The Modern Game is a breed of ornamental chicken which originated in England between 1850 and 1900. Purely an exhibition bird, Modern Game were developed to be most aesthetically pleasing and to epitomize the visual appeal of the gamecock or fighting cock.
After the outlawing of cockfighting in Britain in the mid-19th century, many cockfighting enthusiasts turned to breeding for shows as an alternative poultry hobby, and the Modern Game was developed from crosses of Old English Game and Malays. Despite being classified as game chickens (i.e. of cockfighting derivation) in breed standards, Modern Game were not bred to fight.
Today, the ideal show bird should have a body shaped like a flat iron when seen from above, a relatively short back, fine tail, hard feathering, and a very upright carriage. The breed appears in more than a dozen colour variations. The most common being black red, birchen, brown red, duckwing and pile. The colours can be broadly divided into two groups; those with willow-coloured legs and red eyes, and those with black legs and dark eyes. The colour of the skin, comb, and wattles varies from red to mulberry depending on variety, but all have a small single comb. Combs and wattles are required to be dubbed (cut off) to compete in showing in some countries, which reflects their descent from fighting birds.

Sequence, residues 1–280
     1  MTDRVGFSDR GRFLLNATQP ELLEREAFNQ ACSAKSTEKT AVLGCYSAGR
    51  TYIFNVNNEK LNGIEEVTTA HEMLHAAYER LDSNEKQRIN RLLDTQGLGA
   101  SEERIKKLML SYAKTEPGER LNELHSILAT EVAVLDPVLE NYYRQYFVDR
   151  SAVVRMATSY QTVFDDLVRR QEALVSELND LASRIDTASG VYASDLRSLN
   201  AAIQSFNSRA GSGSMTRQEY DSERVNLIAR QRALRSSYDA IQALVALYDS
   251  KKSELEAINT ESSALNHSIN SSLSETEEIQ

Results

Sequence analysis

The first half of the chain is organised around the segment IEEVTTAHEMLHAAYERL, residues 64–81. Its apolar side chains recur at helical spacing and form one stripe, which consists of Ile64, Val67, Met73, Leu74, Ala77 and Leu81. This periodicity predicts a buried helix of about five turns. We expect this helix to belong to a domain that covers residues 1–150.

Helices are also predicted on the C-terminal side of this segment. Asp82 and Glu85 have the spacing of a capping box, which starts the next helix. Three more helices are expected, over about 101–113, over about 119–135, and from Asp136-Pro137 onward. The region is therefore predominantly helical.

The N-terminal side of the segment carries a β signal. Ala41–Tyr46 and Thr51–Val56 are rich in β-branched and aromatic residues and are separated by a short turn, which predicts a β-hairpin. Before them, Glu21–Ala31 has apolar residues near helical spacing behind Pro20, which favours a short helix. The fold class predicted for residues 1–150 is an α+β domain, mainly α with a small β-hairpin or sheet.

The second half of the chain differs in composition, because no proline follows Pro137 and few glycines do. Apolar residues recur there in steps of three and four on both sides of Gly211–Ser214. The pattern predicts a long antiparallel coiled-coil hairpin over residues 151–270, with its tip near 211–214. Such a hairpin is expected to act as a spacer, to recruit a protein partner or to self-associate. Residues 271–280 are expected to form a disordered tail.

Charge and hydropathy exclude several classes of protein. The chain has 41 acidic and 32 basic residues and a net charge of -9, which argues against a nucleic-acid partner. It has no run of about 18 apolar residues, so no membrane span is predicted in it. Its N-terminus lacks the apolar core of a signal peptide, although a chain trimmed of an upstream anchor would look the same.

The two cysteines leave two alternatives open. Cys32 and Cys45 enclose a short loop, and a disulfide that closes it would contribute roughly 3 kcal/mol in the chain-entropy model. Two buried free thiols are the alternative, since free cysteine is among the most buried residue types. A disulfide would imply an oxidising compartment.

As in many breeds, there are both standard and bantam sizes of Modern Game. According to the standard of the Poultry Club of Great Britain, standard-sized cocks weigh 3.20–4.10 kg and hens 2.25–3.20 kg, while bantams weigh 570–620 g and 450–510 g respectively. Today, the bantam version is the most popular among poultry fanciers.